This is a fascinating journey through time. It crosses amazing landscapes formed by unimaginable geological forces, sculptured by wind and water. Aboriginal harvested its natural food sources for thousands of years.
In more contemporary times pastoralists, fishermen and miners harnessed its assets.
The Savannah Way touring experience stretches across northern Australia, from Cairns in Queensland via Borroloola and Katherine in the Northern Territory to Broome in Western Australia.
Highlights include tiny historical townships, cattle stations, gorges, natural springs and waterholes, roadside campsites, fishing hot spots and spectacular national parks.
The route of about 3700km officially opened in May 2004.
It is described as the ultimate, unique self-drive adventure. It is an easy to follow route that includes clear signage, interpretative displays, maps and brochures, as well as a comprehensive visitor information centre network for travellers.
Heading west from Queensland into the NT, the Savannah Way strings the Outback towns of Borroloola, Daly Waters, Larrimah, Mataranka, Katherine and Timber Creek together en route to Western Australia.
The Daly Waters Pub is the perfect place to stop and have a chat with some true Territory characters.
Stay over at Borroloola and Timber Creek for some action fishing.
Explore life on a Territory cattle station at Lorella Springs, north of Cape Crawford and Pungalina Station, west of Borroloola. But ring ahead to Lorella and Pungalina to let them know you are coming.
There are spectacular National Parks along the Savannah Way that warrant at least a few days exploration.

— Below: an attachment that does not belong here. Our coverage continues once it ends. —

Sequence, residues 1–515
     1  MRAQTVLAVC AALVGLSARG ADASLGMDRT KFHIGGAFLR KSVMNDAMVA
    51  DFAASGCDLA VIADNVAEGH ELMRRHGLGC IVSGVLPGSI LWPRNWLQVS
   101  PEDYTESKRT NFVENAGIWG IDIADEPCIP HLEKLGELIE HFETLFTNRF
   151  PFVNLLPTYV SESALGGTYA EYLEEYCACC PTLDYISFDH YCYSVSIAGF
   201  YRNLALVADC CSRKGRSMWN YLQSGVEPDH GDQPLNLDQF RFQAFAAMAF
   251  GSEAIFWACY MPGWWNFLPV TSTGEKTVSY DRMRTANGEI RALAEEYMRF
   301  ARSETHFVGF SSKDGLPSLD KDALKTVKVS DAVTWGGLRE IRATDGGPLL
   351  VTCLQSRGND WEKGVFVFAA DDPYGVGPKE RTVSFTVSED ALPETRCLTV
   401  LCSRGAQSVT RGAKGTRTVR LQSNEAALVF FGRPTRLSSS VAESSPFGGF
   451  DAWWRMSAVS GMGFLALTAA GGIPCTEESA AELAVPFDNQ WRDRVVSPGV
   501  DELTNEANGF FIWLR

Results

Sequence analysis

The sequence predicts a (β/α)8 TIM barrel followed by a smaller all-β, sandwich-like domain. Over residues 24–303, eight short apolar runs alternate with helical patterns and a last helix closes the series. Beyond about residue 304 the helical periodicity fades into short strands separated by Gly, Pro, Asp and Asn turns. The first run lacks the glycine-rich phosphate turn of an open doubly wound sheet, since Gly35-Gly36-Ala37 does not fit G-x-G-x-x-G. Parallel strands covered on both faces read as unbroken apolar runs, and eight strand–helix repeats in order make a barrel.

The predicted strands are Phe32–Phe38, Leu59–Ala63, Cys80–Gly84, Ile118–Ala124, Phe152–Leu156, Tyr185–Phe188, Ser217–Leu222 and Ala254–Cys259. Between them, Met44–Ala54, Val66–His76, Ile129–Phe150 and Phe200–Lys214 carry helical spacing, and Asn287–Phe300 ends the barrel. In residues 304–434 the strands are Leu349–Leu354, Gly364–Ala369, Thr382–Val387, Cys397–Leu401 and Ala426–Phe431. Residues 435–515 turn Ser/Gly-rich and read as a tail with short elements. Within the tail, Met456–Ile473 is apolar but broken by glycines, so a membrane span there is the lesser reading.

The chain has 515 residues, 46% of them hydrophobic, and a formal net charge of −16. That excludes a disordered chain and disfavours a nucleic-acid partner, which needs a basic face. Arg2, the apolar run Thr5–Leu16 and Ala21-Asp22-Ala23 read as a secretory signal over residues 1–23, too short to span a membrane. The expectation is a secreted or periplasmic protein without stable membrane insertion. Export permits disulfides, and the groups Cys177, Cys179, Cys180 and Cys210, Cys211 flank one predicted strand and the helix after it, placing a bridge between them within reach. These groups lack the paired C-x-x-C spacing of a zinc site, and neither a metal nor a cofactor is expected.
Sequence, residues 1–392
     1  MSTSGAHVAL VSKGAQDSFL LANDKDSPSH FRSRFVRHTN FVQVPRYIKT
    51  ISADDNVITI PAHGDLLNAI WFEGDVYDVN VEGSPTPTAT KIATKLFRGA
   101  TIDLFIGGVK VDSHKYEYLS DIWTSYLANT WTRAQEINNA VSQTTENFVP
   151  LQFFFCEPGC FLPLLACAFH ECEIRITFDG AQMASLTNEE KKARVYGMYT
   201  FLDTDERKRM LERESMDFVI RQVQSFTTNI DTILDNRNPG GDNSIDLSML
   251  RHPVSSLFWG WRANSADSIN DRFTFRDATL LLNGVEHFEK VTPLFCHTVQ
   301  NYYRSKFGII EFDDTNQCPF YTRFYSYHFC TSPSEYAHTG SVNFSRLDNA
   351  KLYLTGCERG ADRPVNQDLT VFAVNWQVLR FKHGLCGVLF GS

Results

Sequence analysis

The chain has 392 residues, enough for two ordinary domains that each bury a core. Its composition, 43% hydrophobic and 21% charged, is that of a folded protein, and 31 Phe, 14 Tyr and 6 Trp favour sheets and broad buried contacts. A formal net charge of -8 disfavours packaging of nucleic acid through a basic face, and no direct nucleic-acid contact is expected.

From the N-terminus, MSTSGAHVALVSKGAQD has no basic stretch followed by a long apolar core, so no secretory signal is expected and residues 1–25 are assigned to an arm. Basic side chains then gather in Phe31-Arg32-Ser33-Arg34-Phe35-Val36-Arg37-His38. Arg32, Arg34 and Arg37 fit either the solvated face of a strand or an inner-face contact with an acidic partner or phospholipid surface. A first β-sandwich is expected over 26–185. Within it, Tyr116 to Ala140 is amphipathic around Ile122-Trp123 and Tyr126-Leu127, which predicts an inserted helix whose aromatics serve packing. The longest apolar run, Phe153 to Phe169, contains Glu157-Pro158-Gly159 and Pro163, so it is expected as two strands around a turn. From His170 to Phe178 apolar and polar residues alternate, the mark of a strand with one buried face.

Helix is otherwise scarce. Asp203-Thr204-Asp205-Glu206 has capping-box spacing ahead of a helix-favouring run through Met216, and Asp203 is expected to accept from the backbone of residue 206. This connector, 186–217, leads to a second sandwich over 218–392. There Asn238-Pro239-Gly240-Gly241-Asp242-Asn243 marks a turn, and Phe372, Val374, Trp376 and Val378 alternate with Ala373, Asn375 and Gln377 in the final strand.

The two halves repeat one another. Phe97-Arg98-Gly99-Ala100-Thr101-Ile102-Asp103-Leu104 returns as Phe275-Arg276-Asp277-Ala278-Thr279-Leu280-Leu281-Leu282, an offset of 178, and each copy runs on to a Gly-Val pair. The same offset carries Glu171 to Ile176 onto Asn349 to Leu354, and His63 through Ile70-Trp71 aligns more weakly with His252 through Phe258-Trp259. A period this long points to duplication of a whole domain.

They include Gregory and Keep River National Parks near the WA border in the Northern Territory. Gregory is renowned for its raw beauty and is relatively unexplored with fantastic 4WD tracks. The highlight of Keep River National Park is its gorge and ancient Aboriginal art sites.
In Western Australia, the route follows the sealed Great Northern Highway, but as an alternative why not travel via the Gibb River Road that explores some of the remotest land in Australia.
High clearance vehicles are recommended. Check road conditions at the Kimberley Visitor Centre, as travel is restricted during the tropical summer.
From Kununurra, In WA, the unusual World-Heritage listed sandstone beehives of the Bungle Bungles in the Purnululu National Park are a must-see. Access is via the bitumen of The Great Northern Highway and a 4WD track about 56km from Turkey Creek and 153km north east of Halls Creek. It is not advisable to tow standard trailers into the park. Caravans will not survive the trip.
The magnificent Lake Argyle near Kununurra and the white sandy beaches of Broome are also essential viewing.
The most popular time to do the unique drive is the dry season, between April and September. But, summer (December – March) is a prettier (though hotter) time to experience the wonders of the way, with lush green foliage, clear, full-flowing waterways and even greater numbers of colourful, rare birds in the surrounding wetlands.
One of the challenges of travelling in summer is that some of the main routes will be closed. Alternate routes are available and access is possible throughout the year, although certain areas may be temporarily impassable following prolonged periods of rain.
The RACQ and Tourism Queensland have developed a Savannah Way touring brochure available from the RACQ. It includes a map, distances and times between centres.
1. Tempting as it might be to stop by the side of the road and take a swim in one of the rivers, think otherwise as they are inhabited by both salt water and freshwater crocodiles. Many areas are sign-posted, however, this is not always the case, so don’t rely on that.
2. Whilst most of the road is sealed, Normanton, Qld, to Roper Bar, NT, is unsealed, so check the road reports before taking off during the wet season (December – March).
Phone: 1300 130 595 for a 24-hour road report in Qld or visit www.racq.com.au
Phone: 1800 246 199 for a 24-hour road report in NT or visit www.roadreport.nt.gov.au
Phone: 1800 013 314 for a 24-hour road report in WA or visit www.mainroads.wa.gov.au